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A 68-year-old man presented with a gradual onset of difficulty with his gait, increased urinary incontinence, and difficulty with his memory during the past several months. His gait was wide-based and slow, with decreased step height and length. His Mini Mental State Examination was consistent with impaired cognition. As part of his workup, he had a noncontrast head CT, which demonstrated dilated ventricles (Figure 232-1) without extensive cortical atrophy. He had normal cell counts and opening pressure on a spinal tap. He was diagnosed with normal pressure hydrocephalus (NPH) and referred to a neurosurgeon to be evaluated for a ventricular shunt. The patient had the shunt placed (Figure 232-2). His gait and urinary incontinence improved. Unfortunately, his cognitive impairments did not improve as is often the case.

Figure 232-1

Noncontrast CT demonstrates enlarged lateral ventricles (white arrows) without significant cerebral atrophy. (Courtesy of Reginald Dusing, MD.)

Figure 232-2

Noncontrast CT shows ventricular shunt (red arrow) in place. Lateral ventricles remain enlarged after shunting (white arrows). (Courtesy of Reginald Dusing, MD.)

NPH can be idiopathic or secondary to meningitis, subarachnoid hemorrhage, or head trauma, and is caused by impaired reabsorption of spinal fluid. Patients present with gait abnormalities, urinary incontinence, and/or cognitive impairment. Diagnosis is confirmed by radiographic evidence and a normal opening pressure on lumbar puncture.

  • Prevalence—1 in 250 in those older than age 65 years; determined in a door-to-door survey in Germany.1
  • Incidence—1 to 2/100,000 population per year; determined by number of surgeries in Sweden.2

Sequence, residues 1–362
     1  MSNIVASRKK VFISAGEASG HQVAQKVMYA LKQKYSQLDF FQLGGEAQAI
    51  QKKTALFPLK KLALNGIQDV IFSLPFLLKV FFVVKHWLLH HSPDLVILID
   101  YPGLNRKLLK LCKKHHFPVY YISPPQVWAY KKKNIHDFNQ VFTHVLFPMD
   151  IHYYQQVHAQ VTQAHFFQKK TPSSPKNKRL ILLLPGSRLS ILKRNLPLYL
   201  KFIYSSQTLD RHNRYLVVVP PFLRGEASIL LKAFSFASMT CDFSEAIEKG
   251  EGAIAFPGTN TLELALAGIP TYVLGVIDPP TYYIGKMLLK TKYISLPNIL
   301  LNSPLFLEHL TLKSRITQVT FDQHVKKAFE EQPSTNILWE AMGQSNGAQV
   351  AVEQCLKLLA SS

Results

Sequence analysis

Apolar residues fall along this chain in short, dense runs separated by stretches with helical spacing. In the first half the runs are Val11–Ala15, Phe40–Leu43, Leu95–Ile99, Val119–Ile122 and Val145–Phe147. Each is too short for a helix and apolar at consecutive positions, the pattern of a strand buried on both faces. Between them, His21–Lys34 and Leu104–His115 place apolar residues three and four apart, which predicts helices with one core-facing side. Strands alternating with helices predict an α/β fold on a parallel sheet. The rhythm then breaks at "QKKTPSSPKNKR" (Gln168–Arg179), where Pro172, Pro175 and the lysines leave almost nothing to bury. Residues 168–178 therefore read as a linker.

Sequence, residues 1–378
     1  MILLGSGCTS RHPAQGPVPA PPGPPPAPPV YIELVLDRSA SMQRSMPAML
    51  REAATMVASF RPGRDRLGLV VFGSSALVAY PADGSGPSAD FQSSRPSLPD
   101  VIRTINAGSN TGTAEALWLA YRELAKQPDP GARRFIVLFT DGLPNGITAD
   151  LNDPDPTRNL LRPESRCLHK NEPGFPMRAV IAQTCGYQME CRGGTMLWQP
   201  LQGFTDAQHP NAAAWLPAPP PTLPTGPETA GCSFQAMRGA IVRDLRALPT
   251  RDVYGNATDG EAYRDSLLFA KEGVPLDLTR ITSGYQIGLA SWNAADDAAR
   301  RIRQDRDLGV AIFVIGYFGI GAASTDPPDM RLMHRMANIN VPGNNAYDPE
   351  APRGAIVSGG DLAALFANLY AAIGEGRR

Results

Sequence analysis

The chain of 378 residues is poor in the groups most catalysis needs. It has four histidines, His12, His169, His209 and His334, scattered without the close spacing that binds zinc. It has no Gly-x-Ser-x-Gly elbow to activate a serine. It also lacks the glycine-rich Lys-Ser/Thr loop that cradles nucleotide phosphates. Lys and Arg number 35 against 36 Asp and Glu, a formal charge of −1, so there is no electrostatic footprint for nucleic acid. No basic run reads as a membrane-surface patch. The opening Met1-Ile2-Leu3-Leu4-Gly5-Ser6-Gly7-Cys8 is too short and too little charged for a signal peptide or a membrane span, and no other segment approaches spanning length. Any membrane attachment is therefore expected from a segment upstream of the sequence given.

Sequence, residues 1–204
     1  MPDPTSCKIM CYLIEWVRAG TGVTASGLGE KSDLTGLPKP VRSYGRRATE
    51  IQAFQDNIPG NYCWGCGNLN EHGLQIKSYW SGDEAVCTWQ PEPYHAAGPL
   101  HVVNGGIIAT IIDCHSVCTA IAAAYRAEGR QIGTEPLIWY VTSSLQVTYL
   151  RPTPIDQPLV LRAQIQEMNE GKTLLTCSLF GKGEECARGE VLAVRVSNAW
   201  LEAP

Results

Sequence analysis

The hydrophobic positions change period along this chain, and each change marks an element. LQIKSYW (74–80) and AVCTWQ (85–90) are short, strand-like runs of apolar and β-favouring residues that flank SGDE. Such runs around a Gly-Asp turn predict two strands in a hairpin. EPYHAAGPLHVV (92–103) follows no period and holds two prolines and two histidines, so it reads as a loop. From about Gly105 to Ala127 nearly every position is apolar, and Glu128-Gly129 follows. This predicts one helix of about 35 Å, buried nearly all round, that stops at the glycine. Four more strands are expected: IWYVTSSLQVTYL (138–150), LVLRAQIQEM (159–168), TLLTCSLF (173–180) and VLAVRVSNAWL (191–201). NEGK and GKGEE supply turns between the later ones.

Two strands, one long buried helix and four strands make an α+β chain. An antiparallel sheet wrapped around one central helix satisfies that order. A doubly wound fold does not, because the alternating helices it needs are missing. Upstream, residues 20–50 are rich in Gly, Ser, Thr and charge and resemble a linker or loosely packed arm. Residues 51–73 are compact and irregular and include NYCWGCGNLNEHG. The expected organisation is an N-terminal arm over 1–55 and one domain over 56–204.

• Most common between the ages of 60 to 70 years.
  • Five percent of dementias are caused by NPH.3

  • Cerebral spinal fluid (CSF) is produced by the choroid plexus, circulates through the ventricles, exits into the subarachnoid space, and is reabsorbed by the arachnoid granulations at the top of the brain.3
  • NPH is thought to be due to impaired reabsorption and can be idiopathic or secondary to meningitis, subarachnoid hemorrhage, or head trauma.

NPH is a clinical diagnosis based on signs and symptoms, CSF studies, radiographic imaging, and a clinical response to ventriculoperitoneal (VP) shunting.

Clinical Features

Classic triad is gait disturbance, urinary incontinence, and cognitive impairment:

  • Gait disturbances typically occur first—Wide-based stance; slow, shuffling steps; difficulty with initiation.3
  • Urinary incontinence usually with urgency; abnormal detrusor contractions on urodynamic studies.3
  • Cognitive impairment—Difficulty with attention and concentration (digit span, arithmetic) with sparing of orientation and general memory.4

Laboratory Testing

  • CSF had normal cell counts and opening pressure less than 200 mm Hg.3
  • High-volume spinal tap (removal of 30 to 66 cc of ...

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